A lot of businesses rely on software to maximize efficiency. With the advent of Software as a Service (SaaS), it has become even easier for companies to do their work, but there is always that risk: hackers and other miscreants can make life difficult or even shut down your company. Here, we discuss the details, and merits, of having an effective SaaS disaster recovery plan.
SaaS businesses are facing more problems than ever before, and it’s time to prepare for disaster.
This post will offer some insights on how you can come up with a concise plan that is flexible enough to suit your needs. We got you covered in your SaaS disaster recovery plan.
Analyze the Business Impact
When developing a SaaS disaster recovery plan, the first step is to assess your current situation. This includes people involved, your development environments, and all other vulnerable areas. Analyze any and all factors that can bring your products and services down, as well as natural calamities with various levels of risk or severity ranging from minor power outages to tornadoes destroying everything.
Every 39 seconds, a hacker launches an attack. Risk assessment is important to avoid future calamities and it’s easy when you know where to start: company records of past events or a local list of calamities that have happened in the area.
Every detail should be documented.
Paperwork is tedious, but it’s also important in times of crisis. When something bad happens to your company you’ll be glad that there are detailed records about what needs to happen next. A SaaS disaster recovery plan document includes the tactics and aims for any calamity-related events; this list should detail who will do which tasks if a problem occurs.
It is important to have documented permissions so that in a time of crisis when decisions need to be made quickly, people with the necessary permission are able to make those decisions. Click To Tweet
This will help minimize confusion and lead towards quicker recovery.
Keep Everyone Smart with DUMB
An outside, malicious cyberattack is a problem. However, the most common vulnerabilities (that those malicious forces exploit) are lacking security measures or poor practices from your team and users. Leaving your computer unattended in a public place or not logging off of one while using an open wifi connection could be giving them access to our network.
A disaster recovery plan can be made clearer by using the DUMB system. This stands for Doable, Understandable, Manageable, and Beneficial processes to keep team members clear on what steps they need to take when a crisis arises. Educating employees about Malwares is important because there are so many different types of malware out there that it’s impossible not to know which one you’re dealing with.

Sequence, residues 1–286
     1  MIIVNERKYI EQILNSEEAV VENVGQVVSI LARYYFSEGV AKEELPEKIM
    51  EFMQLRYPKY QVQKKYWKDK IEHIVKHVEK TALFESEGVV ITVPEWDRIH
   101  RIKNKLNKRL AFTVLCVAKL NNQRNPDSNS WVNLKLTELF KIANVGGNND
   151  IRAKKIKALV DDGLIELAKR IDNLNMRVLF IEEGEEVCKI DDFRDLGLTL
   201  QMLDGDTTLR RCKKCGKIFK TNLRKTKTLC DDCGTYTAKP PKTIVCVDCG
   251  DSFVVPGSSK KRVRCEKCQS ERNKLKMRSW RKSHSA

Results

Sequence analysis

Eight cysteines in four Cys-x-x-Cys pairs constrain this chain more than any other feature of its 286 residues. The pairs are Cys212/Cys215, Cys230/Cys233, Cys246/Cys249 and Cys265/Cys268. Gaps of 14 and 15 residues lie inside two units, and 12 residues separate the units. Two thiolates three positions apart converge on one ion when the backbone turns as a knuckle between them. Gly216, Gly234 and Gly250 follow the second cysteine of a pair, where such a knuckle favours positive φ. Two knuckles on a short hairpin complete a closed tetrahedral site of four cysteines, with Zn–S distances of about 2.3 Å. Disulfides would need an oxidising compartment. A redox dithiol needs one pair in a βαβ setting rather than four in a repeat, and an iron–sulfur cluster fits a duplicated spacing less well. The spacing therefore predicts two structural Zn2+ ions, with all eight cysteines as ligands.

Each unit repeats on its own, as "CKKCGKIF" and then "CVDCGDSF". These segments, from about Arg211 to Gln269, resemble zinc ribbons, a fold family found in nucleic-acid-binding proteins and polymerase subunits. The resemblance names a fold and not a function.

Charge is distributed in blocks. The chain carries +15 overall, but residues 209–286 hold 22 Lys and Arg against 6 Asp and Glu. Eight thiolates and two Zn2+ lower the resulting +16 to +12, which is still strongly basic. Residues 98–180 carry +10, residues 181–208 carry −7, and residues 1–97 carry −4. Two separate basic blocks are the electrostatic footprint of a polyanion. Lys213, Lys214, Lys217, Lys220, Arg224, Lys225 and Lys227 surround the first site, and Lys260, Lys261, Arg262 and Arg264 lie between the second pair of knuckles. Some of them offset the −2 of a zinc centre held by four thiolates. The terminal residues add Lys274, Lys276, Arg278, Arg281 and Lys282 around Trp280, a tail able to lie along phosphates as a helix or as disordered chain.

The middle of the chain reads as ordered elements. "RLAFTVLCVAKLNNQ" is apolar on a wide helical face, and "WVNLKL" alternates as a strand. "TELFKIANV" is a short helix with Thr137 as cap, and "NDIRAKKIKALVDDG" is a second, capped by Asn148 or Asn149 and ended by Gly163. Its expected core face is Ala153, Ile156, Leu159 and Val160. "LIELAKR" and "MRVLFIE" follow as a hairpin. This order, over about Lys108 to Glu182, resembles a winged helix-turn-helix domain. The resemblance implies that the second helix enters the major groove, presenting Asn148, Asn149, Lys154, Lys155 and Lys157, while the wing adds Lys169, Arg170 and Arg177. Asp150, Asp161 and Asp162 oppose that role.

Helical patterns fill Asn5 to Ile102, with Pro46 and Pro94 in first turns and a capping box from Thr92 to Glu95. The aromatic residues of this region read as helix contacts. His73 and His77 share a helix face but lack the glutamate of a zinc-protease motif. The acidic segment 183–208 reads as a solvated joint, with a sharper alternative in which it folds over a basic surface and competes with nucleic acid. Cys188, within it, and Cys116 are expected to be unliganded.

Consider the cloud
There is a real thing called DRaaS (disaster recovery as a service). These services work in different ways, but they all have some common benefits. For example, the customer’s data can be copied to “virtualized failover systems” or on-site backup servers for increased simplicity and reduced costs.
Remember to create a communication strategy.
In order to ensure that a SaaS company is prepared for any disaster, it’s important to establish communication channels. Establish who needs the information and how you will get in contact with them if something goes wrong.
When it comes to a SaaS disaster recovery plan, I recommend that you create a communication tree as the organization moves forward with collaborative incident response efforts.
Continue to innovate.
You may think that your fire drill plan is airtight, but you won’t know for sure until it’s been tested. The internet changes at a rapid pace and what was popular yesterday might not be today- which means no matter how well planned out the recovery process is, something could go wrong if there are errors in execution or oversight during testing.
A SaaS disaster recovery plan is something that should be tested often. Testing the process not only helps to identify any issues with your backup but also makes those involved more aware of how serious an internet incident can really be.
Make resiliency a priority.
It is important to prioritize resilience as a guiding principle in your SaaS company. This can be done by minimizing the risk of failure and providing support for business needs. One way to do this would be to prevent single points of failures from happening, such as if an application only runs on one server.
Backup generators can minimize downtime risks while failover connectivity will help if one server fails.
Though we hope that SaaS disaster recovery is never needed, it’s important to have a plan in place. With the rise of worldwide attacks and the increased frequency of disasters, you should always back up your backups and be ready for anything.